East Asia’s Monetary Future

East Asia’s Monetary Future

Integration in the Global Economy

New Horizons in Money and Finance series

Edited by Suthiphand Chirathivat, Emil-Maria Claassen and Jürgen Schroeder

East Asia’s Monetary Future is an illuminating and valuable work which uniquely focuses on a long-term monetary view of the region. There are multiple and varied future scenarios which can be applied to this region – an enlarged Singapore–Brunei currency area, a greater China monetary bloc and even a Northeast Asian bloc comprising Japan and Korea.

Chapter 11: Singapore and Brunei: lessons for monetary clusters within East Asia

Ngiam Kee Jin

Subjects: asian studies, asian economics, economics and finance, asian economics, financial economics and regulation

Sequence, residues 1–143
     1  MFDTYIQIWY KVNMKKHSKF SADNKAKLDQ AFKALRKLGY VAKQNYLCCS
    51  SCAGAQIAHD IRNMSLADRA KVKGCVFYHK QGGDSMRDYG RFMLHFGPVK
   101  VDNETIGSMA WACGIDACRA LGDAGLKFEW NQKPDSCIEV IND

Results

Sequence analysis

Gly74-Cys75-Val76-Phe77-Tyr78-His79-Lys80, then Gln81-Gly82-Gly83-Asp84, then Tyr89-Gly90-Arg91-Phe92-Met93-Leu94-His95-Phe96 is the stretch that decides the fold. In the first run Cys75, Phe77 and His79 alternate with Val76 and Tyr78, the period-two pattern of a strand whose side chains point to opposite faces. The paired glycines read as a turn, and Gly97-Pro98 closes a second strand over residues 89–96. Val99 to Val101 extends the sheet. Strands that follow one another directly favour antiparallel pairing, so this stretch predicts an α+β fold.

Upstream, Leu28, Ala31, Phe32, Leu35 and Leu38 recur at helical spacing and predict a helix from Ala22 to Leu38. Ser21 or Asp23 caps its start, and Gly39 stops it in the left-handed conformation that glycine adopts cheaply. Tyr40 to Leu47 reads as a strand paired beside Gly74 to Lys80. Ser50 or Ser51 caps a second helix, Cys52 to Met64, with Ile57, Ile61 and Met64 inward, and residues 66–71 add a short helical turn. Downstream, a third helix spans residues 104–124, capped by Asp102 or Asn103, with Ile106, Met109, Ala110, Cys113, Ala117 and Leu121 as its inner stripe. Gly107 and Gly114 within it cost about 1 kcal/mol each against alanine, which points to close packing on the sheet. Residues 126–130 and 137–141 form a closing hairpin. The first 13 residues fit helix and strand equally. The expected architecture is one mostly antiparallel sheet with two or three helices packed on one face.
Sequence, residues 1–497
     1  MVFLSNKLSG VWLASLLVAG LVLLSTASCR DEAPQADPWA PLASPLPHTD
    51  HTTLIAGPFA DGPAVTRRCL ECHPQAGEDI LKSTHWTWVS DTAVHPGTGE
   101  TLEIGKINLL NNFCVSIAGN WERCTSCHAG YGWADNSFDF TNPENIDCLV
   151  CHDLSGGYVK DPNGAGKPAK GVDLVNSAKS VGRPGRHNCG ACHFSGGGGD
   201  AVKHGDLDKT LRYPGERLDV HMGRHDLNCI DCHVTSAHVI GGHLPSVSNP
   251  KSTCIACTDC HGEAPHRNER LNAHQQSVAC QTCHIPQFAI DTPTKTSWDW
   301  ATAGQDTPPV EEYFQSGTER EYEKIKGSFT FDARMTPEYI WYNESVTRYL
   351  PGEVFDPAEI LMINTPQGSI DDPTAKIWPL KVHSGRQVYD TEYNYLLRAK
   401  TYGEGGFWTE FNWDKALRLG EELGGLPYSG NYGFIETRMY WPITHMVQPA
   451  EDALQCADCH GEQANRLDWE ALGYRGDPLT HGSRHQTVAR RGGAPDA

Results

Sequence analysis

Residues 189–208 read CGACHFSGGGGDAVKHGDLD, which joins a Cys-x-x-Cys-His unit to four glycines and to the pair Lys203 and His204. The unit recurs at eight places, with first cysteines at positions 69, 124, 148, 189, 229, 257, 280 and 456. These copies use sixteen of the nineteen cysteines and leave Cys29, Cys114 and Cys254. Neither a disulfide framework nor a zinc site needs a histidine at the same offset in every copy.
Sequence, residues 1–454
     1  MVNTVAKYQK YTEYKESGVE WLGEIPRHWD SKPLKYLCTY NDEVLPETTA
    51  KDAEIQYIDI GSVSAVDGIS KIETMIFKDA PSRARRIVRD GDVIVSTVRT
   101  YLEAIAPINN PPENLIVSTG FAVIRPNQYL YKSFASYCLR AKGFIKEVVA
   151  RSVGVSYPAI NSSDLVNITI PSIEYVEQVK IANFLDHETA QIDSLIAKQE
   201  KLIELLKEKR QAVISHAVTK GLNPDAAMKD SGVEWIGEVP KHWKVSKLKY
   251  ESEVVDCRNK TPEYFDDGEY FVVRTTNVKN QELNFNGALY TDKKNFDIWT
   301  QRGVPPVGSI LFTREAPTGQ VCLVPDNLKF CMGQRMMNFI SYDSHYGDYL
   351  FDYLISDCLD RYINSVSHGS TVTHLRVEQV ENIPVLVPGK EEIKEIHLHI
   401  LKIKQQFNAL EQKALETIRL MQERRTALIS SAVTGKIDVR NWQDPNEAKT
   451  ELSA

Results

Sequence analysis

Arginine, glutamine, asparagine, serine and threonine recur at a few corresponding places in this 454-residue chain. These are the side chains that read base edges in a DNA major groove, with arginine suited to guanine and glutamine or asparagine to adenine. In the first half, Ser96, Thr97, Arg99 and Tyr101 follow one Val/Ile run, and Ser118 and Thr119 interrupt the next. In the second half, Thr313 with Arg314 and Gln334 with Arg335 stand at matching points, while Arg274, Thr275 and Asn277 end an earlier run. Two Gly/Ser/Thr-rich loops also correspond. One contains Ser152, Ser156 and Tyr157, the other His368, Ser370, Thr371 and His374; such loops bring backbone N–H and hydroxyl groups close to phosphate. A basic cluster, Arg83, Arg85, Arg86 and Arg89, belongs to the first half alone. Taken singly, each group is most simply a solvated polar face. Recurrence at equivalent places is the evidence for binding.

Ngiam Kee Jin 11.1 EAST ASIA’S MONETARY COOPERATION East Asia’s currencies and economies have just recovered from the Asian financial crisis that began in Thailand in July 1997. The immediate and important tasks ahead for many of them are to make themselves more resilient and more able to respond quickly and effectively when financial crises strike again. They have begun work at two levels (national and regional) to deal with future financial crises. At the national level, East Asian countries, especially those badly affected by the crisis, have undertaken painful but necessary corporate restructuring and financial reforms. In addition, many have moved from a largely US dollar peg prior to the crisis to a more flexible exchange rate system, making them less vulnerable to currency attacks. At the regional level, East Asian countries have made excellent progress with regional financing facilities. Their two boldest moves thus far were the ASEAN Swap Arrangement (ASA) and the Chiang Mai Initiatives (CMI). In March 1997, the original five ASEAN member countries – Indonesia, Malaysia, the Philippines, Singapore and Thailand – set up the ASA under which a central bank in need of financial support simply exchanges domestic currency for US dollars, but agrees to buy back the domestic currency with US dollars after a predetermined period. Unfortunately, the total amount committed under the ASA was a modest US$100 million (but later expanded to a total of US$200 million for the five countries) which could hardly act as an effective deterrence against currency speculators.1...

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